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Awesome Channel Island Foxes Removed From Endangered List
Things were looking grim for the Channel Island foxes in 2000. The animals, found only on six of the eight Channel Islands, totaled 15 each on San Miguel and Santa Rosa islands. They were (finally) put on the endangered species list in 2004.
Now we're getting some good news: three subspecies of island fox have been removed from the federal endangered species list, reports the L.A. Times. There is an estimated 700 foxes on San Miguel Island and 2,100 foxes on Santa Cruz Island.
"We can thank the protections of the Endangered Species Act for the successful recovery of island foxes," Jeff Miller, a conservation advocate at the Center for Biological Diversity, said in a press release. Though he added that the foxes aren't out of the woods just yet. "Continued monitoring of these fox populations will be critical to be able to respond if there are outbreaks of disease, return of predatory golden eagles, or severe impacts to foxes and their habitat from climate change."
The aforementioned golden eagles were the main reason why the foxes were endangered in the first place. In a classic case of cascading environmental effects, the use of DDT had wiped up the islands' population of bald eagles, who eat fish but do not prey on the foxes. The elimination of these birds allowed the golden eagle to flourish. And, because golden eagles DO feast on foxes, the population of foxes went through a dramatic decline.
After the foxes were put on the endangered species list, the U.S. Fish and Wildlife Service, National Park Service, Nature Conservancy, and Catalina Island Conservancy teamed up to boost their numbers. They moved some of those golden eagles to Northern California, re-introduced some bald eagles to the islands, and bred foxes in captivity. The remoteness of the islands lent a big hand to the conservationists, as it allowed them to affect a bigger change in the local ecosystem.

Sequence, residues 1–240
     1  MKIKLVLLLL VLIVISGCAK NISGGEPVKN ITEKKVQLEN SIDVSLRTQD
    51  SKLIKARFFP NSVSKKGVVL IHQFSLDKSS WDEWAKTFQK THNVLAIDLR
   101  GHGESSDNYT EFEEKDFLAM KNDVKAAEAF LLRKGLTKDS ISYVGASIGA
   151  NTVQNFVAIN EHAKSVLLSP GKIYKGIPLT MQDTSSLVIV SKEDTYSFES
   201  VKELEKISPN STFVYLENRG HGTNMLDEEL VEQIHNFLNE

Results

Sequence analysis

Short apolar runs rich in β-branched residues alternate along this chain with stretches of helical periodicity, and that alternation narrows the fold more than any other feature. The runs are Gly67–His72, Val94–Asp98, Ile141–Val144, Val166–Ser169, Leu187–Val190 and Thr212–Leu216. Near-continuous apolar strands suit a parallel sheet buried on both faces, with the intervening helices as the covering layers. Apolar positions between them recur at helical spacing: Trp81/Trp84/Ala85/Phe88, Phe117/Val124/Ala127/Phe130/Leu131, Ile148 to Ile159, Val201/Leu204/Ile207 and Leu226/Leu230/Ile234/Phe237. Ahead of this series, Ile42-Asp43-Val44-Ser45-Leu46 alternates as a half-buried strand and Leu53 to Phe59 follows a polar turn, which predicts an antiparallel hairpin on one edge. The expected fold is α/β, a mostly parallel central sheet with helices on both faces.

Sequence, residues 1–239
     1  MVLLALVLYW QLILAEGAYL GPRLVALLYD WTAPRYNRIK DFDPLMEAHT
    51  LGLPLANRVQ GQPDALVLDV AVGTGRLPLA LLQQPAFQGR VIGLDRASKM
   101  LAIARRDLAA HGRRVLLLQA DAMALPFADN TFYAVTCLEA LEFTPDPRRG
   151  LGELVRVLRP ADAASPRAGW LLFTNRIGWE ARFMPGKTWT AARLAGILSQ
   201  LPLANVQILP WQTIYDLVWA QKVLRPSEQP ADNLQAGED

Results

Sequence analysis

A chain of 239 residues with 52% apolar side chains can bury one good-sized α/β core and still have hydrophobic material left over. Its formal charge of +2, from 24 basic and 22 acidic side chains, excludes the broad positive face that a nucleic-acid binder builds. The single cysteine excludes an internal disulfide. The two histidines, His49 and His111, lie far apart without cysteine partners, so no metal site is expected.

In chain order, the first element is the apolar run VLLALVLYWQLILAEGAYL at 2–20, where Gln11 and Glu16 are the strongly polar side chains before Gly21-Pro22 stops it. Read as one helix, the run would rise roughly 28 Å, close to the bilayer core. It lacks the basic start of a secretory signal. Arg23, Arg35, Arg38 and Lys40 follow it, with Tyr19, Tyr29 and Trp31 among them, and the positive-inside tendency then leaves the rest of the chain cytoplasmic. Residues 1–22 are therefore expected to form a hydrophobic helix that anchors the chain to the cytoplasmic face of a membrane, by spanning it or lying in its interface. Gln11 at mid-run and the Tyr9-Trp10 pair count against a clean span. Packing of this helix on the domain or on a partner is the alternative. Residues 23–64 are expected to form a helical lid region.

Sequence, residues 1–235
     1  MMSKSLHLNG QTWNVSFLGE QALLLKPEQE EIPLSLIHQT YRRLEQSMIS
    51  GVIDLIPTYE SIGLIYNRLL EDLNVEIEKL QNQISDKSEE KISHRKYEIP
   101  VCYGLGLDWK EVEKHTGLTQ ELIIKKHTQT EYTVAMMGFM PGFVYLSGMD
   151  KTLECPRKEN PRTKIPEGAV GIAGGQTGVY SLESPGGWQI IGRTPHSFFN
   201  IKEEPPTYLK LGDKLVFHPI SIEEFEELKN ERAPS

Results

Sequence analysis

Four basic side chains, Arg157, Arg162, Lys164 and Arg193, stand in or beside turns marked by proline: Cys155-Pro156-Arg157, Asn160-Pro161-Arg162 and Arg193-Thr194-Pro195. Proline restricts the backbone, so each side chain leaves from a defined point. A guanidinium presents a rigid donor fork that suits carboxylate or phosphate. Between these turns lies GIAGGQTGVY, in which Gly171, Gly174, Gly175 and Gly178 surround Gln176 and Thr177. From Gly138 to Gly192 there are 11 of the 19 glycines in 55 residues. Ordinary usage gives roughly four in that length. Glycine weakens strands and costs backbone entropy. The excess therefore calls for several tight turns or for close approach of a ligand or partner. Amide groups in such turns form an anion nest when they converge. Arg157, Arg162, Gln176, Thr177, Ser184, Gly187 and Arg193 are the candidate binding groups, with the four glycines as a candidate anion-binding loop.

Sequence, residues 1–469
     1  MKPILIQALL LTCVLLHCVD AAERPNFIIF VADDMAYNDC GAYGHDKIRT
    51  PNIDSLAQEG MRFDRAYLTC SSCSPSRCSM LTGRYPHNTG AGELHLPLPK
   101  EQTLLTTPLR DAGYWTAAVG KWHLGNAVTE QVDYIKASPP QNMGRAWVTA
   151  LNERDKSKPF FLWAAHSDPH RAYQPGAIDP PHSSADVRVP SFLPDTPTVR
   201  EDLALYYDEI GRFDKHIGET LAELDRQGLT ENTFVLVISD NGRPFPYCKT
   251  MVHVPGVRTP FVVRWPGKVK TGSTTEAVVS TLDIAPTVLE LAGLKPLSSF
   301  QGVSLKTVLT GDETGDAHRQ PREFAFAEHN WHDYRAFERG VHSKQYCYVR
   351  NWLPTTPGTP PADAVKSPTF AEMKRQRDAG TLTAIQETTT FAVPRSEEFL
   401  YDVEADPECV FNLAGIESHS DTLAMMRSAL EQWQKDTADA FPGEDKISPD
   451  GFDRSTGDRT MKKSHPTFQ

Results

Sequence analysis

All put together, the efforts were an unmitigated success. The foxes were taken off the endangered species list just 12 years after they were put on it. This is the fastest that any mammal has made it off the list. The previous record was held by the Steller sea lion, which took two decades before it left the list in 2013.
As we'd explained in the past, island foxes are all descendants of the mainland gray fox, but are about the size of a housecat as a result of insular dwarfism. Also, they're objectively very cute, even when they've grown up.
We should also mention that this may be the perfect time to visit San Miguel Island. Not only are the foxes back, San Miguel had also just re-opened in May after the Navy had closed it off to tourists for two years.
And if you're not already convinced that these guys are the coolest, check out how gorgeous and laid-back they are in this video from the U.S. Fish and Wildlife Service: